Seattle Kat Lieu, the founder of online community Subtle Asian Baking, is selling Japanese souffle cheesecakes (like the one pictured, made with ube) and Basque cheesecakes to raise money to fight anti-Asian hate. Jake Young
The group’s founders, based in Seattle, are raising money for the Very Asian Foundation and other organizations with bake sales across the globe
Kat Lieu started the Subtle Asian Baking Facebook group with a few of her close friends while stuck indoors in Seattle at the beginning of the pandemic. At the time, she was working as a physical therapist, and, like many other Americans, used baking as a way to relax during a stressful time; she wanted to connect with other like-minded home bakers safely, online.
The Facebook group, where bakers would share Asian baking recipes, grew rapidly, reaching over 60,000 members by the end of 2020. Burnt out from working in health care, Lieu quit her job and dedicated herself to Subtle Asian Baking and started a popular Instagram page and TikTok account.
But when rates of anti-Asian hate crimes started rising in 2020 and 2021, particularly after the shootings of Asian women in Atlanta spas in March 2021, Liu became afraid to go about Seattle on her own, worried that she’d be the next victim of anti-Asian racism. Her female Asian friends in New York were also scared to go out, especially in Chinatown, where many of the hate crimes were occurring. So she decided to use her now-powerful platform to make a change.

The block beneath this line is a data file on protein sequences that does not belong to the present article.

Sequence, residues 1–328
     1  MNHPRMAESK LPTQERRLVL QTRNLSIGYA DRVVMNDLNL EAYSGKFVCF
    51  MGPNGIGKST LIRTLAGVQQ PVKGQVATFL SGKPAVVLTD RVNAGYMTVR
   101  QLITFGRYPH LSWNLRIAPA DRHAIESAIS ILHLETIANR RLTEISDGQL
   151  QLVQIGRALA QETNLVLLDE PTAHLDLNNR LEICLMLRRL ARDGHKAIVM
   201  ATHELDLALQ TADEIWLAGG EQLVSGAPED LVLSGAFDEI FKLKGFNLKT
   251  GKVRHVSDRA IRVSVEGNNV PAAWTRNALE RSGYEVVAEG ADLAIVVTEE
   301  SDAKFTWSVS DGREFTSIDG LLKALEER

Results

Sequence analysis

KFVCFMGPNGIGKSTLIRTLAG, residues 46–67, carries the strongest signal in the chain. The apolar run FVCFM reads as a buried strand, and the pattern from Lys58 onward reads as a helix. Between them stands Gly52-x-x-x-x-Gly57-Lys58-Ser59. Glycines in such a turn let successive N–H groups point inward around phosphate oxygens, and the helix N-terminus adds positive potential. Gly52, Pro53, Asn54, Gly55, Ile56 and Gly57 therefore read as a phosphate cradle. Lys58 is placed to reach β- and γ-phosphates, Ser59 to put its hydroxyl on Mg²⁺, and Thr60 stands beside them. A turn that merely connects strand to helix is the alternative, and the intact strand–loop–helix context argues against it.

Lieu rallied her online community to do bake sales across the globe, raising $10,000 for New York City Chinatown organization Welcome to Chinatown, which used the money to provide 1,000 hot meals for food-insecure people in the area, and $5,000 for Double Crispy Bakery, a struggling Asian-owned business in New York. This year, she’s donating money to the Very Asian Foundation and Heart of Dinner (an organization that feeds food-insecure elderly Asian people in New York City) with another online fundraiser that’s running until the end of May, Asian American and Pacific Islander Heritage Month. She says the community now has 300,000 followers and members across platforms; she hopes to raise at least $10,000 with this year’s fundraiser.
“Since I’ve started Subtle Asian Baking, I work from the moment I wake up until the moment I go to sleep,” Lieu says. “We do everything we can.” Lieu says she decided to do another fundraiser this year when she received scores of racist comments on TikTok videos and Instagram reels and as Asian women, like Michele Go and Christina Yuna Lee, continued to be murdered.
Kat Lieu is the founder of Subtle Asian Baking, an organization that’s raising money for Stop AAPI Hate and the Very Asian Foundation with bake sales all over the world. Jake Young
Lieu was also inspired by former King 5 news anchor Michelle Li, who received national press coverage and a spot on The Ellen DeGeneres Show when a caller left a voicemail telling her she was “being very Asian” and to “keep her Korean to herself,” after Li talked about eating dumplings in a television segment on a St.